Nursing homes still account for the vast majority of long-term care services available in the United States despite policies meant to encourage home- and community-based care, according to a new government report. The first-ever “National Study of Long-Term Care Providers” includes data on the capacity and operational characteristics of providers, and information about the people cared for in these settings.
Investigators with the Centers for Disease Control and Prevention’s National Center for Health Statistics (NCHS) conducted provider surveys and analyzed government data to compile the statistics. They are meant to be a baseline for future reports, which will be released every other year, according to the NCHS.
Research has shown home- and community-based care is increasing at a faster rate than nursing home care, the report states. However, nursing homes are still by far the most prevalent long-term care settings in most regions, the NCHS research found.
The only exception is in Western states, where capacity for nursing homes and residential care such as assisted living were roughly equal as of 2012. The region had about 25 nursing home and residential care beds per 1,000 residents aged 65 and older, according to the report. The West also had the highest adult day care capacity in the nation.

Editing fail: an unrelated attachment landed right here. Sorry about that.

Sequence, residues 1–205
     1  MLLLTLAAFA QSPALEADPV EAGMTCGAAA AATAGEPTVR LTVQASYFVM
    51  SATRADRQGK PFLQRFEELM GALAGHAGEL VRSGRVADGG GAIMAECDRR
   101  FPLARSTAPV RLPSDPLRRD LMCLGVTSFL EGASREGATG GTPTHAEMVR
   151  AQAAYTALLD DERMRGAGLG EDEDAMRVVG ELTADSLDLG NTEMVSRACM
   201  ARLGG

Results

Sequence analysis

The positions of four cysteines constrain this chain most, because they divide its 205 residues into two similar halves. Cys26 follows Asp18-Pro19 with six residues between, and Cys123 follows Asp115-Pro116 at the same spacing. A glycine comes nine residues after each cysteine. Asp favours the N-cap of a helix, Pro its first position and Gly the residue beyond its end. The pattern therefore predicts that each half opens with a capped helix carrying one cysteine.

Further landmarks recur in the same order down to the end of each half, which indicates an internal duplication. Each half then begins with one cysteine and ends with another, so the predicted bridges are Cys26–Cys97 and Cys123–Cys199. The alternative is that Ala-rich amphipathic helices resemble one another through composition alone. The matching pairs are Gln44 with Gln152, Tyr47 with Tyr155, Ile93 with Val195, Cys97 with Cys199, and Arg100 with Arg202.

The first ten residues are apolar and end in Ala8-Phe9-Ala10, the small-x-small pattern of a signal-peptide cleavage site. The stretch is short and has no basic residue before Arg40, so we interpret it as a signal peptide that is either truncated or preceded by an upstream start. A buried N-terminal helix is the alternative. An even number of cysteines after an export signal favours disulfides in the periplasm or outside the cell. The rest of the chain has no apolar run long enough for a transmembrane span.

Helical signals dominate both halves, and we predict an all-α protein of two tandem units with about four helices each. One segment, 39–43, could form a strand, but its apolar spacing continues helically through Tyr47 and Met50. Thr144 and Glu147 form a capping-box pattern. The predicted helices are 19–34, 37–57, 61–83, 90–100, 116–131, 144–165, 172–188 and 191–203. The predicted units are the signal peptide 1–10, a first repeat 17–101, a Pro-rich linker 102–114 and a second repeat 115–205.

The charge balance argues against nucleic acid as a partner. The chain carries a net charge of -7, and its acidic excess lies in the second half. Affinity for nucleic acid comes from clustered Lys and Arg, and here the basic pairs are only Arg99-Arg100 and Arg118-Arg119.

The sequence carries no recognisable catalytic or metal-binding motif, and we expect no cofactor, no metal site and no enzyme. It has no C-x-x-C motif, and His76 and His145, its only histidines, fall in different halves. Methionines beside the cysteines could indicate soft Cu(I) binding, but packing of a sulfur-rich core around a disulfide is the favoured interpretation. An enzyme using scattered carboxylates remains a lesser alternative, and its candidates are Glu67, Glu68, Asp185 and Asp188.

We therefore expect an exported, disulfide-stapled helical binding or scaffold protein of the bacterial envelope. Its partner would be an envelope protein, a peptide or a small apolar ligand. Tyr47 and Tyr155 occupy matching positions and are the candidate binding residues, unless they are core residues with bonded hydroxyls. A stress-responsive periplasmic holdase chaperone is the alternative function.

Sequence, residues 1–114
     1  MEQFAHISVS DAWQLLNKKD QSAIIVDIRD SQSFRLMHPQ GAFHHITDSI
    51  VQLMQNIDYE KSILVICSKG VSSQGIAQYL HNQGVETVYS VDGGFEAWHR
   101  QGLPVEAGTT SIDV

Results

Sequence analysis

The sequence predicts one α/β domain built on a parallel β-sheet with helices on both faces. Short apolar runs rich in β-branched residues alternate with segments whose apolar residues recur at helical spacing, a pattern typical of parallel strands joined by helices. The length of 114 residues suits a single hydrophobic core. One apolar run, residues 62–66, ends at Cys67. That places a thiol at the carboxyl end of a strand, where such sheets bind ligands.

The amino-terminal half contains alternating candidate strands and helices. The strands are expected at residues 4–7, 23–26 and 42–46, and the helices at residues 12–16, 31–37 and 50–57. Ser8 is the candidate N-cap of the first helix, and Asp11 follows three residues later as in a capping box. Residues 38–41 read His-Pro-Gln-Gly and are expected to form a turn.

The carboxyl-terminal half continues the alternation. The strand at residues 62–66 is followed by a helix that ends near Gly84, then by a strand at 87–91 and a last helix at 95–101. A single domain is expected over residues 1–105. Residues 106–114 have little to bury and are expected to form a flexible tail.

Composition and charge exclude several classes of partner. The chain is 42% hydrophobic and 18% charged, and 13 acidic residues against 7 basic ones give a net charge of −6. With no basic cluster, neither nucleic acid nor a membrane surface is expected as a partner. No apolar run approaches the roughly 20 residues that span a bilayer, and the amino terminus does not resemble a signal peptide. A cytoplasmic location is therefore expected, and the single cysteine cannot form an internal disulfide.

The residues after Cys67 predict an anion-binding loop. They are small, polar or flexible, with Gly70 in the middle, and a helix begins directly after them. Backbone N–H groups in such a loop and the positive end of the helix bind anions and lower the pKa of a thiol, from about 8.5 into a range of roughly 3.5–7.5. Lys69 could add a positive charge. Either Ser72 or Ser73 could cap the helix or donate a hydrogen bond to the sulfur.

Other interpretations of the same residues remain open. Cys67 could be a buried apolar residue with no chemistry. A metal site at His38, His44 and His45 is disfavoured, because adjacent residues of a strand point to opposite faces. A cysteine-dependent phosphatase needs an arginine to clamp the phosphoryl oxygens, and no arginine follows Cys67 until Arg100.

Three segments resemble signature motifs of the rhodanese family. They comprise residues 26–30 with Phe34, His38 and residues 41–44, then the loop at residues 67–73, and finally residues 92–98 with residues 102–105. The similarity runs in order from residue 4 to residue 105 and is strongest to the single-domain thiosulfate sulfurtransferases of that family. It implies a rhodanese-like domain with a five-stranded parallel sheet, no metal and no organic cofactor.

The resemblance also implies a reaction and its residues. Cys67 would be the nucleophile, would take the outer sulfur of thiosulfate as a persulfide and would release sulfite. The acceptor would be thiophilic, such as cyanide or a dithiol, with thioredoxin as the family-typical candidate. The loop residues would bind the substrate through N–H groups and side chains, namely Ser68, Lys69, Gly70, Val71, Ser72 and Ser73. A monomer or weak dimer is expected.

The greatest contrast was in the Midwest. This region had the lowest adult day care capacity in the nation and the highest nursing home capacity, at 51 beds per 1,000 seniors. This was more than double the region’s residential care capacity.
Nationwide, there were 15,700 Medicare- or Medicaid-certified nursing homes in the nation last year, with an average of 106 beds each, the researchers determined. Total nursing hours per resident day averaged 3.8 for nursing homes, 2.6 for residential care and 1.6 for adult day care.
Nearly half of nursing home residents are depressed, and about the same number have some form of dementia, according to the report. The rate of depression was lowest in residential care communities (25%).
The 2013 report includes a variety of other statistics, including a state-by-state breakdown of long-term care capacity and usage.
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